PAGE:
Chance Harbor is the story of a family that like all families faces it share of challenges. Zoe was a rough and tumble teen and finally left her daughter Willow behind so that she could start over and make a better life for herself. Her sister Catherine and her husband become Willows legal guardians until Zoe comes home and Catherine’s husband turns their world upside down. In the mist of the upheaval in Willow’s life her grandmother has decided to sell the family’s summer home in Chance Harbor and they journey there for one final visit as a family. Each of the characters faces adversity and unexpected circumstances and must decide not only to do what is best for them but what is best for Willow who must figure out who she is and who she wants to be. This story is full of funny and touching moments. I found the bond that forms between Willow and Nola to be comical and heartwarming, but I loved all the characters and their dynamics.
I loved Wally Baker, she is everything an inquisitive young girl should be and more. I loved the day she went to her grandparents as a surprise, I loved her friendship with Ham and all their adventures. She had me hooked early on. Wally (short for Wallace, her mother Stella’s maiden name) does not have an easy life, her father has been sent off to war, her mother is busy trying to become a doctor again, but Loretta her grandmother’s housekeeper and her son Ham who is close in age to Wally are always there for her no matter what life tosses her way. A heartwarming story about love and families in good times and tough times.
This one is a bit on the darker side. It is the story of a family and the small town they live in. It speaks of promises and hopes and dreams and secrets kept and things buried. I really liked it. The story is told for the most part by Lucy and her mother Lila. Lila vanishes when Lucy is small and during the summer between her junior and senior year in high school Lucy realizes she has more questions that answers not only about her mother’s disappearance but also about Cheri a friend from school who was missing for a year or more before her body was discovered. During the day Lucy works for her uncle at his store, but at night and on the weekends she spends her time trying to unravel what happened to Cheri and as you can imagine it leads her to more questions about her town and her family. Despite the sometimes dark subject matter I found the book thought provoking and was left with a good feeling about Lucy’s future, perhaps she will be the one to create a new future for her family.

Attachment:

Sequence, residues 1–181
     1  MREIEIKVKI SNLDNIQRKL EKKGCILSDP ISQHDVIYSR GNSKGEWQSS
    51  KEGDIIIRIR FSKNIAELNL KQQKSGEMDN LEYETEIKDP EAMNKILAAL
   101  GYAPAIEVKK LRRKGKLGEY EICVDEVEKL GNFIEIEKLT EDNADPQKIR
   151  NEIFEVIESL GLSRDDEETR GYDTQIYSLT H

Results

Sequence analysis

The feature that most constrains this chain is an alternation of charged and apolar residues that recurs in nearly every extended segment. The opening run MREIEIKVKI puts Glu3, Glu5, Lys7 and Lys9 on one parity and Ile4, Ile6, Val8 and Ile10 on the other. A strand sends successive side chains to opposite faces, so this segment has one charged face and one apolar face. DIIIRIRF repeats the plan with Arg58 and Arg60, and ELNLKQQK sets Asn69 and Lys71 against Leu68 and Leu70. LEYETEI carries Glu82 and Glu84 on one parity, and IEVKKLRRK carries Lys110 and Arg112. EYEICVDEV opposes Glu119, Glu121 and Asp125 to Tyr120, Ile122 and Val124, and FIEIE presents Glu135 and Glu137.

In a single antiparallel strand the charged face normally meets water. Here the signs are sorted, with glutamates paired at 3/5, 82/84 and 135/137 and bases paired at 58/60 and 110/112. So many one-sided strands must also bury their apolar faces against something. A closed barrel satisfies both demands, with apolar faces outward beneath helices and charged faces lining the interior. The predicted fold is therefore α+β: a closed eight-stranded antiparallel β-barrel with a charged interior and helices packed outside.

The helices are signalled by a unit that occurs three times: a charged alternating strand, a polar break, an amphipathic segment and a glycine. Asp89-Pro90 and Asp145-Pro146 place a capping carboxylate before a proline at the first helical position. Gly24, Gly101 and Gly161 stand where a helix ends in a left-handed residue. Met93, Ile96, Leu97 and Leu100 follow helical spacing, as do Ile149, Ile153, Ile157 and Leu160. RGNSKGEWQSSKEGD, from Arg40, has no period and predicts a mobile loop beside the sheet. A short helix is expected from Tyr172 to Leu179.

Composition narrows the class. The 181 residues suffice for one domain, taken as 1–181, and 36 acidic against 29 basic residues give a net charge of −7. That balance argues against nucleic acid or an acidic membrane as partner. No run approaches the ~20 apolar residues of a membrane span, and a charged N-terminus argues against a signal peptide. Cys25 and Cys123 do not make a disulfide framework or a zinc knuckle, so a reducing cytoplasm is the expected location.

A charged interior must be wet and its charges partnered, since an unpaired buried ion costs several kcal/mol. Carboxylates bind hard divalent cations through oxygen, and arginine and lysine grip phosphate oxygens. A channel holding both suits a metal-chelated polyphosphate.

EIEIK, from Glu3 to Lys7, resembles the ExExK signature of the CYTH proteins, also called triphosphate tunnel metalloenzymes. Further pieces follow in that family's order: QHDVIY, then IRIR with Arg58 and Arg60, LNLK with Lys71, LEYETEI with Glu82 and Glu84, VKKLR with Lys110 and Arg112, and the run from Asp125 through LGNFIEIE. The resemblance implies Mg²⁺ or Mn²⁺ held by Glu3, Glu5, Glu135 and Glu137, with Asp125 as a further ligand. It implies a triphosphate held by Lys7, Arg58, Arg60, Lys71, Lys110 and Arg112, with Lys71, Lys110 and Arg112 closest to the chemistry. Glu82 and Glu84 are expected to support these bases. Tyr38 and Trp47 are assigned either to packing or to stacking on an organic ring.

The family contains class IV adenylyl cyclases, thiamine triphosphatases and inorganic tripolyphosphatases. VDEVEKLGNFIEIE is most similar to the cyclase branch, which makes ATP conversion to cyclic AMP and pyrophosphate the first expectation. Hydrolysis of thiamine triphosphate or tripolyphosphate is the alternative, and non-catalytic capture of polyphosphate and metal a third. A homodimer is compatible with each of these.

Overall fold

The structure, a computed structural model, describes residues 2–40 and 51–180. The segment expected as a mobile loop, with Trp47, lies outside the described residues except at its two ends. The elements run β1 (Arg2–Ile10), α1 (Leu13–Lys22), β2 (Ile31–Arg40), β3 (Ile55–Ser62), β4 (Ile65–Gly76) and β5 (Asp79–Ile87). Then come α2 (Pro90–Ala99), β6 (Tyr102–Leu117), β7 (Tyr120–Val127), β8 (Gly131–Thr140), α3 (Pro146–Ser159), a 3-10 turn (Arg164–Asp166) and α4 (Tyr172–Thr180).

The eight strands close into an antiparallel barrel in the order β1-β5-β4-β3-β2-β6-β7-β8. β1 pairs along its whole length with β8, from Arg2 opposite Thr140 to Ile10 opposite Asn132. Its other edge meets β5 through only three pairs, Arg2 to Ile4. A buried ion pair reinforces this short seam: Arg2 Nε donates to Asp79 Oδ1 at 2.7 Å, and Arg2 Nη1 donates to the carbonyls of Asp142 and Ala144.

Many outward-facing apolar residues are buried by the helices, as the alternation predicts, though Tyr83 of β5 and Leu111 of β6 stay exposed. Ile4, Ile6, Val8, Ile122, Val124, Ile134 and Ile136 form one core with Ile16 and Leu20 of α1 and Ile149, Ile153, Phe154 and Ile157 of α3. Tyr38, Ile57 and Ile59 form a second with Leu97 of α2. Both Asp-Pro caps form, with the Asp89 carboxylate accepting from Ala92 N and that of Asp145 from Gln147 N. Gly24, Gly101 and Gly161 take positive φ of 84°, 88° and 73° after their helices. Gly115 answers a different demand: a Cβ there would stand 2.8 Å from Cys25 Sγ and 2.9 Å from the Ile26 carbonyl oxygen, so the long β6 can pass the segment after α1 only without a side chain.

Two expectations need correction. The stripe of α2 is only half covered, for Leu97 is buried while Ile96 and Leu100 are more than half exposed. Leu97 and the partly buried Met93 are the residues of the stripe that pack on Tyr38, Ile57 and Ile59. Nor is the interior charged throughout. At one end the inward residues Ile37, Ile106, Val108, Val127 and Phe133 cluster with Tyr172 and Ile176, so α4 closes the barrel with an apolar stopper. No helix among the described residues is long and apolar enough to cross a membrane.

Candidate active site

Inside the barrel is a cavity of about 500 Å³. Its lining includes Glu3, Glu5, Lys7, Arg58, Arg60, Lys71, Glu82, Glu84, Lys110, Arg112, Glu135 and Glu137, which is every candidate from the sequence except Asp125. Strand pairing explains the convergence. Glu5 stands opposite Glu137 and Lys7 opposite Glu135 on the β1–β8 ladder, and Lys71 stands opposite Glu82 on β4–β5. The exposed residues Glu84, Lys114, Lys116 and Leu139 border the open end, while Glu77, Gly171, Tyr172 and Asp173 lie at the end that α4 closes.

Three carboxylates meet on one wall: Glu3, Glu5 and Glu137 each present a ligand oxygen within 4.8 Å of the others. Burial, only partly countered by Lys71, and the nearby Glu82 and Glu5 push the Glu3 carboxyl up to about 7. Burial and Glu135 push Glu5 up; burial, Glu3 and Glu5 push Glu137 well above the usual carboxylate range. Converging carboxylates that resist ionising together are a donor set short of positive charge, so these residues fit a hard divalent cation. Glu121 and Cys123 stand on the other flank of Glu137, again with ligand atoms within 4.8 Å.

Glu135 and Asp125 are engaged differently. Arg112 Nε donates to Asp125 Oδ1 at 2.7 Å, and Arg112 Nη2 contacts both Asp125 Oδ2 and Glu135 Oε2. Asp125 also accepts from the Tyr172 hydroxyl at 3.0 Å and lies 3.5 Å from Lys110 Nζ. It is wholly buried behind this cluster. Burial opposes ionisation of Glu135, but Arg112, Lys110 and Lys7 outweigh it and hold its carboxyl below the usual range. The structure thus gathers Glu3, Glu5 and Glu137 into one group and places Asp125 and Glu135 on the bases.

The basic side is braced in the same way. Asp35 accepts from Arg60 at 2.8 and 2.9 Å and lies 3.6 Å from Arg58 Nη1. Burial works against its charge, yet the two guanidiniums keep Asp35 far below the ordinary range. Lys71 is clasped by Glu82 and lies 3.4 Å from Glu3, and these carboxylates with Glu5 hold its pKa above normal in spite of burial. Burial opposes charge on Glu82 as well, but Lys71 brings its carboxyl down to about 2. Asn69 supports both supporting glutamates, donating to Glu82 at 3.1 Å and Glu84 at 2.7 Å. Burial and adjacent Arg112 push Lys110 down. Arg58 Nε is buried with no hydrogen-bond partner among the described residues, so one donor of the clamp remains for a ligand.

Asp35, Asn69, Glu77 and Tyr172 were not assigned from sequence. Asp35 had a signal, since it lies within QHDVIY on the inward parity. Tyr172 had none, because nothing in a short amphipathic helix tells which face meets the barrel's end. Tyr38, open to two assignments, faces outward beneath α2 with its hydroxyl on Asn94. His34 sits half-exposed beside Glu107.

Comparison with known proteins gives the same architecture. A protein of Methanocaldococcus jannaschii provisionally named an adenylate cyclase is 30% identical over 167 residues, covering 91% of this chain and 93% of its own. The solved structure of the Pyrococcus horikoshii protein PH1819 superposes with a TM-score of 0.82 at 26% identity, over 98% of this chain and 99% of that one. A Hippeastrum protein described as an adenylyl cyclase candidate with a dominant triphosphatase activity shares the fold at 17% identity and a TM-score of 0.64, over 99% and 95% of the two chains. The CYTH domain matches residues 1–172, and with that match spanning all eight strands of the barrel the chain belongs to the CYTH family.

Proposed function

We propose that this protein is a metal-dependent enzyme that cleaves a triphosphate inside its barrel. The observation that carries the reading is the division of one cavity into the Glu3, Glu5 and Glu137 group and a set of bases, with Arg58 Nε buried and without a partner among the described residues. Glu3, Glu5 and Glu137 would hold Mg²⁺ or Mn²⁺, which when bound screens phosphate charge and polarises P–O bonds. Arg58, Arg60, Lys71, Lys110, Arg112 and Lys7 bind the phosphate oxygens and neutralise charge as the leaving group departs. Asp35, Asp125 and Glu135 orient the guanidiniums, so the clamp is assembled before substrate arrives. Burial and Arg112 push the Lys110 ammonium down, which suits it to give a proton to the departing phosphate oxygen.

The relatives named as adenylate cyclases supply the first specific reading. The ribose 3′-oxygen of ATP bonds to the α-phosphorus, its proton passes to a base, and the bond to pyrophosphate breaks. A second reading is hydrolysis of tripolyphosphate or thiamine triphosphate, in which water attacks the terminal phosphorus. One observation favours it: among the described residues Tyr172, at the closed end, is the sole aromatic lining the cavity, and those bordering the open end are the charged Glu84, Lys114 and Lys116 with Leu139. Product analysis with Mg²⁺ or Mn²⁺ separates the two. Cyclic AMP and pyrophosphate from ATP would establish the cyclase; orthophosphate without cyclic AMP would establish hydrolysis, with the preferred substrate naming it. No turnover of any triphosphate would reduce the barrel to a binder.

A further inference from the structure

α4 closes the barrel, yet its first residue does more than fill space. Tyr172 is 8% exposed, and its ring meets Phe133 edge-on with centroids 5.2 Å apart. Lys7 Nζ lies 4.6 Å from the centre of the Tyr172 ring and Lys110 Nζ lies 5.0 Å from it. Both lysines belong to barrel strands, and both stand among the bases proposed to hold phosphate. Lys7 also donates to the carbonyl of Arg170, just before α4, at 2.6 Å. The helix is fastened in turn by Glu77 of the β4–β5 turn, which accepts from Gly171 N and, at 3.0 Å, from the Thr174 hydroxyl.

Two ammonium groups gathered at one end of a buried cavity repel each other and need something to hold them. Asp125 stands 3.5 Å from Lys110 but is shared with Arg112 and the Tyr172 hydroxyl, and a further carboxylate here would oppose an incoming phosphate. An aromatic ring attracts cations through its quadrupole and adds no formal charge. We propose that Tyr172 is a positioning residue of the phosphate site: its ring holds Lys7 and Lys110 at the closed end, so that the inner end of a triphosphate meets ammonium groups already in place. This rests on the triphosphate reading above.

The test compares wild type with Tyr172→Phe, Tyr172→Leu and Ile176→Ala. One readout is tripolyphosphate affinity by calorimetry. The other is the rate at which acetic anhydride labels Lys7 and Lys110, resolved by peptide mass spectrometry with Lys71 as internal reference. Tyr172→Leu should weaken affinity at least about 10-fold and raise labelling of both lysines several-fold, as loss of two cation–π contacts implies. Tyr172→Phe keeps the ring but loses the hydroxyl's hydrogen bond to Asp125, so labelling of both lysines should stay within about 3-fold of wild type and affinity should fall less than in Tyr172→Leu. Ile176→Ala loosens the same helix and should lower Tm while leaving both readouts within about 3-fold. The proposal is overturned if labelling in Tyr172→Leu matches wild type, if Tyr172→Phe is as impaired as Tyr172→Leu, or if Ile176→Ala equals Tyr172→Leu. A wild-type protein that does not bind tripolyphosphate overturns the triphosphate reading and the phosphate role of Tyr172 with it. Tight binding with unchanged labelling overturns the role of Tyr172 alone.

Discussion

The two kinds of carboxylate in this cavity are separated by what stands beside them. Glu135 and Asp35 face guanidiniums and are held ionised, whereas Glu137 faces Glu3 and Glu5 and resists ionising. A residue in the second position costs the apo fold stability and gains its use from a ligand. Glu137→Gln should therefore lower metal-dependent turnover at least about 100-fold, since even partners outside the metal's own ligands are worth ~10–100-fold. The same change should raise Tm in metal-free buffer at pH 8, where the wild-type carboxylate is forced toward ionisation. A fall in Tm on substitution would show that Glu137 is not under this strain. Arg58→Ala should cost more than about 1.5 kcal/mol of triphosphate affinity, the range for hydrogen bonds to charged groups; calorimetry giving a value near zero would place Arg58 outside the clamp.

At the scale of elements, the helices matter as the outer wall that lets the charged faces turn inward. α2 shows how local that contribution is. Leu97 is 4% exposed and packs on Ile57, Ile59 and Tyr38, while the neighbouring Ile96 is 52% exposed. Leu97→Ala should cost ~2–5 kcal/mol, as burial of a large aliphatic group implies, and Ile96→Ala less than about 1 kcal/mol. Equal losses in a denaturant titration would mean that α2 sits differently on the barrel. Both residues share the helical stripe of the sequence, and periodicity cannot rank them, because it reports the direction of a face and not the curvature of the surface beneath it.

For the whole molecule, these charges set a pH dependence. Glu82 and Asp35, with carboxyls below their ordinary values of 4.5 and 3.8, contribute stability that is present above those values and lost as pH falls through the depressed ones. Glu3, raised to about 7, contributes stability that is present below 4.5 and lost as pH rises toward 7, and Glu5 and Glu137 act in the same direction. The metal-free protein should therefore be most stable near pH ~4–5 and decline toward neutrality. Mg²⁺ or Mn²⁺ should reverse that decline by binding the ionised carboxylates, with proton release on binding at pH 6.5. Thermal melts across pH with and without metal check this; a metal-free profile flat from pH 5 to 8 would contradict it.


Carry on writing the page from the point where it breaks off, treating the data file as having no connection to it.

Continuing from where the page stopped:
I have to confess I don’t read a lot of non fiction books, or parenting books for that matter unless i am trying to find an answer to a specific problem, but this book caught my attention, mainly because i think for most Mom’s the “Good Mom” is an idea we strive to reach, not the way we see ourselves. For me this was doubly true when my son was small and I struggled to balance his needs and wants, along with my own and keep the house from crashing down around us from the weight of the ever present laundry, the constant need to pick up toys and the need to clean and cook and eat. There were times when I was overwhelmed to say the least. What I found most interesting about this book is that instead of the dry text book style discussion you might expect the book uses experiences from real Mom’s to illustrate it’s points, that bad things happen despite our best efforts and our kids are usually no worse in the long run, and that at least some of the pressure we feel to be a certain kind of mother comes from ourselves. I found it refreshing to be reminded that i was not the only one out there who didn’t feel like supermom.